Exotic Australian Red Mallee Burl

Red Mallee Tree

Red Mallee Table Top

Red Mallee

This extremely rare wood is imported from Australia.  A burl is like a tumor on a tree, so finding pieces large enough to work with is difficult.  Sought for is unusual bark and striking red color, you will rarely see it used for anything larger than pens and bowls.  We seek out larger pieces for accent tables on our lamps, to showcase its beautiful surface.


Common Name(s): Red Mallee

Scientific Name: Eucalyptus oleosa and E. socialis

Distribution: Australia

Tree Size: 13-26 ft (4-8 m) tall, 1 ft (.3 m) trunk diameter

Average Dried Weight: 66 lbs/ft3 (1,050 kg/m3)

Specific Gravity (Basic, 12% MC): .79, 1.05

Janka Hardness: 2,490 lbf (11,060 N)*

Modulus of Rupture: 9,800 lbf/in2 (67.6 MPa)

Elastic Modulus: No data available

Crushing Strength: No data available

Shrinkage: No data available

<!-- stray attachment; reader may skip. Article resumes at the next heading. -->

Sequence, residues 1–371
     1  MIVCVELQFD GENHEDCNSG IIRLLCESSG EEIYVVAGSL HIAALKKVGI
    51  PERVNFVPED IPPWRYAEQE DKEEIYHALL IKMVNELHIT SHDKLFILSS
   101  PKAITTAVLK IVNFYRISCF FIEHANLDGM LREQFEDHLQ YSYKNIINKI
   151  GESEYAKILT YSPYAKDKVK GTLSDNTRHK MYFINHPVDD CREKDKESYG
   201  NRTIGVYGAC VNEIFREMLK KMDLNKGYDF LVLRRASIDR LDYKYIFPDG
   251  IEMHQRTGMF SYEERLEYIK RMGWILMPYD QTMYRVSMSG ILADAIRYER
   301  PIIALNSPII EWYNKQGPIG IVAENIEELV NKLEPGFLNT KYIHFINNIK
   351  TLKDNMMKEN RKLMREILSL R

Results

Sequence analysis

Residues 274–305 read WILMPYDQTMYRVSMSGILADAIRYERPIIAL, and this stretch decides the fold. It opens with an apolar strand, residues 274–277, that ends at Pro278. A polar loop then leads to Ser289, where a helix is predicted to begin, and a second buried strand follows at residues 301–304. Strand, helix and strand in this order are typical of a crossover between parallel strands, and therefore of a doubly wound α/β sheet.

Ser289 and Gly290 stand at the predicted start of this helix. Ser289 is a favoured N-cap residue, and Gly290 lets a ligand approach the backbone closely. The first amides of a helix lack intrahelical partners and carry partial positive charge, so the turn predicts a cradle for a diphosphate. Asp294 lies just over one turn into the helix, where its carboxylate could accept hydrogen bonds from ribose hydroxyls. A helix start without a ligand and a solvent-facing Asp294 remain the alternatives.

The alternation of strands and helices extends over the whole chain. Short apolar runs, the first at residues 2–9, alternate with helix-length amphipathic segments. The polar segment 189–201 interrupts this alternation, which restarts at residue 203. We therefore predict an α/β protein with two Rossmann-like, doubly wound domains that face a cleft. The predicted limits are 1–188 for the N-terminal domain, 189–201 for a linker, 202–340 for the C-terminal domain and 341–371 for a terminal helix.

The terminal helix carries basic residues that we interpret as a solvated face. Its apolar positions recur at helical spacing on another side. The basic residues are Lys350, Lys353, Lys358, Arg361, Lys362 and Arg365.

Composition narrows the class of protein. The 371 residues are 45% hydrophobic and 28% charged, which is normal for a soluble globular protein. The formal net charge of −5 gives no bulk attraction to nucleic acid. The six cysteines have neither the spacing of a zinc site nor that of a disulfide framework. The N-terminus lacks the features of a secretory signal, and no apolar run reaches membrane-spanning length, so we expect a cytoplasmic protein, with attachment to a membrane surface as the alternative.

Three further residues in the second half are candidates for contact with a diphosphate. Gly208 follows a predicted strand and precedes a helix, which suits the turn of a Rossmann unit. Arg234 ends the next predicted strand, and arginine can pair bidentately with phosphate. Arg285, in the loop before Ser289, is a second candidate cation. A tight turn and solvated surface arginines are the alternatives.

Color/Appearance: Heartwood ranges from pink to orangish red. Pale yellow to gray sapwood is sharply demarcated from heartwood. Nearly always seen in burl form.

Grain/Texture: No data available.

Endgrain: No data available.

Rot Resistance: No data available.

Workability: No data available.

Odor: No characteristic odor.

Allergies/Toxicity: Besides the standard health risks associated with any type of wood dust, no further health reactions have been associated with Red Mallee, though several other species within the Eucalyptus genus have been reported to cause various allergic reactions. See the articles Wood Allergies and Toxicity and Wood Dust Safety for more information.

Pricing/Availability: Generally available in burl caps and sawn burl blocks. Prices are on par with other imported solid-wood burl products.

Sustainability: This wood species is not listed in the CITES Appendices or on the IUCN Red List of Threatened Species.

Common Uses: Turned objects, knife and gun grips, and small specialty objects.

Comments: The term mallee refers to a species’ general growth form (known as a “habit” in biology). Usually smaller and shorter than trees, mallees grow multiple smaller-diameter stems from a common root system. Because of this, most mallee species are ill suited for lumber, though they do have a propensity for burl growths that can be harvested and used for turning and other small specialty projects.